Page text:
3 Give Suggestions

Strictly speaking, this isn’t supposed to be taken literally. Many blogs show a list of ‘related posts’ to keep their audience browsing. That’s easy to achieve with something like Yet Another Related Posts Plugin, which will use an algorithm to detect more posts related to the one the user just finished reading.

Now algorithms are great, but they’re fallible. Some of these plugins can even affect your page’s performance (especially if your blog is huge). For a slightly altered approach to show suggested readings, you can use a plugin like Where did they go from here which will add a “Readers who viewed this page also viewed” section at the bottom of your posts based on previous visitors activity. Nothing is perfect, though. You have to keep in mind that this plugin will show a very unflattering “N/A” if your page does not have any previous visitor activity to track at all. So those who are just starting out with the blog, or have just installed this plugin, may have a few inconvenient days ahead of them.

4 Create Interactions in your comments’ section
Some of your users will leave you love in form of comments: words of praise, criticism, or flaming reviews. Okay the last bit is less ‘love’ and more ‘hatred of your very existence’, but you get the point. It’s true that many audience members will tell you exactly what they think of your posts. This is good (even if there’s someone rage-hating) and should be generally encouraged. You can redirect first time commenters to a ‘Thanks’ page with Comment Redirect. Once there, you can give them further options to show their appreciation (or contempt, because this is the internet) by links to Like/Follow you on Facebook/Twitter/Pinterest/Anywhere else. Other cool plugins like Comment Rating, Comment Reply Notification, and Spectacu.la Discussion can help make your comment section interactive and fun.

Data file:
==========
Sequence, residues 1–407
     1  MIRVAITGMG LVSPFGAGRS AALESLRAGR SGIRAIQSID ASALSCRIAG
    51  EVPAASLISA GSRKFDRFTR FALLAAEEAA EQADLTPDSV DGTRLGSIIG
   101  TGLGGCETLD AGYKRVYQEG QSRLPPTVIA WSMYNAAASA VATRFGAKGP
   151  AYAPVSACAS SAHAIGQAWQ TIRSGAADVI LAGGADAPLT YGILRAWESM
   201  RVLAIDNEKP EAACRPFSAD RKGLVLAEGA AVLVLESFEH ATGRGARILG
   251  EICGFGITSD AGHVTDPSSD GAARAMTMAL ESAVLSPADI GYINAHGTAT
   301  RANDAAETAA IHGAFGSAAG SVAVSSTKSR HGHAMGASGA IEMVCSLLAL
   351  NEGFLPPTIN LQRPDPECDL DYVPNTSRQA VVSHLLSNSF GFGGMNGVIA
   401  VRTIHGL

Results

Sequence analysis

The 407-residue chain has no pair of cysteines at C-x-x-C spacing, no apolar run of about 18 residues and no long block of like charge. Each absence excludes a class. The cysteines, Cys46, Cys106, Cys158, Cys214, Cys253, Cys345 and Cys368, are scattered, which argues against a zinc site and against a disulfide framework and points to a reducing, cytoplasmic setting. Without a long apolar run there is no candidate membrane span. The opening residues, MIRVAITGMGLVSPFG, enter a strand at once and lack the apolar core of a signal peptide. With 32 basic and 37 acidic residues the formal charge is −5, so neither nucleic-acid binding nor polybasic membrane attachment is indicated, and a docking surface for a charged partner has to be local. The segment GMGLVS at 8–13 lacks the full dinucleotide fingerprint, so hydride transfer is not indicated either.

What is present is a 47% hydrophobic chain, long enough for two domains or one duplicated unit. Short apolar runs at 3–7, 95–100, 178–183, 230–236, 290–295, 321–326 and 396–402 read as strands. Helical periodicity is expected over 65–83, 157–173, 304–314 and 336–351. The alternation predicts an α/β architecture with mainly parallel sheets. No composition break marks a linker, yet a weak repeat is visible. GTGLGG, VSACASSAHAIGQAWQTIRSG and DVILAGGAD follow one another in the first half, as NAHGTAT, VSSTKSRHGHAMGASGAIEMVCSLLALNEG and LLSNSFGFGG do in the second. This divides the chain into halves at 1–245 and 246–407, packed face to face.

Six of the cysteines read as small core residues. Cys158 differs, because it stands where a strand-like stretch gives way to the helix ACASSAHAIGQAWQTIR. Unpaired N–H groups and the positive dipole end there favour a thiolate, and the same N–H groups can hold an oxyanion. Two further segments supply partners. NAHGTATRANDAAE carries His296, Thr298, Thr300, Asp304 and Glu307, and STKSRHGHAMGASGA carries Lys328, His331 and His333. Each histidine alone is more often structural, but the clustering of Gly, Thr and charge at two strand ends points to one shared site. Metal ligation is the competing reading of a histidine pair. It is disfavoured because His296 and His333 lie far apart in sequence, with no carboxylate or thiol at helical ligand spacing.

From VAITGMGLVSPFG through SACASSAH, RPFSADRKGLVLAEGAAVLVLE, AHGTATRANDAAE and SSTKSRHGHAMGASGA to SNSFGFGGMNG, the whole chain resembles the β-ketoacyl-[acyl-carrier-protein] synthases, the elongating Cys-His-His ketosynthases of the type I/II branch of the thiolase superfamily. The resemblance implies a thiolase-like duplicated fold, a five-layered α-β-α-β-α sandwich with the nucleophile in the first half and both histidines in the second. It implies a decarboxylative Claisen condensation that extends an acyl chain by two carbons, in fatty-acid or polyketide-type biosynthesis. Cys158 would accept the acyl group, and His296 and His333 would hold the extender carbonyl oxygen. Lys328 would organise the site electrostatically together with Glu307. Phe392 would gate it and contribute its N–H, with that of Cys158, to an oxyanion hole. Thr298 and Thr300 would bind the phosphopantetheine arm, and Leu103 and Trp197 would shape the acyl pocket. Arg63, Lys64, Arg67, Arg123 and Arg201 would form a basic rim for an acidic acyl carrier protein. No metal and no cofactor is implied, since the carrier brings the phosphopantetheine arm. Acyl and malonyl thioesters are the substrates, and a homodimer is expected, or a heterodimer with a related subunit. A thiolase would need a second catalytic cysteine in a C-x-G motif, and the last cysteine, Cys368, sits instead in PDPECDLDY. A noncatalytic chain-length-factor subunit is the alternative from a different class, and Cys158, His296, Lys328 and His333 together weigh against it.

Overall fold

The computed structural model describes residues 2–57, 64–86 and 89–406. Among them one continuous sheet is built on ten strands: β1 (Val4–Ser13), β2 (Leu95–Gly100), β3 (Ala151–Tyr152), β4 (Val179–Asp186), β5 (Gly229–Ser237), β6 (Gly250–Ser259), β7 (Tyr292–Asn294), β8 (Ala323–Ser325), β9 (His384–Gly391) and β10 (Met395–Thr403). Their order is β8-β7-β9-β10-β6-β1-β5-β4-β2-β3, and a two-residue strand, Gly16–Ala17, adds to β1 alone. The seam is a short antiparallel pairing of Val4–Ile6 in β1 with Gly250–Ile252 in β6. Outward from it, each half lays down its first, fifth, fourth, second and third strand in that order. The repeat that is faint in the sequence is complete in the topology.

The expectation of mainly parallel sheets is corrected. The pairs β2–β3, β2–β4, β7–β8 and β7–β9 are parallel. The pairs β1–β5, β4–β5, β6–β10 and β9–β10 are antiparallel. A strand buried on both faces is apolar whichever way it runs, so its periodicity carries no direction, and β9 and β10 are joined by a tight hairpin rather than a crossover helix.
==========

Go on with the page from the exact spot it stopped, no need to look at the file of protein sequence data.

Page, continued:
Remember to moderate comments too. Keep your comments section clean of spambots and human spammers with anti-spam plugins. We like WP-SpamShield Anti-Spam for its power-packed features.

5 Adapt Ads to Visitors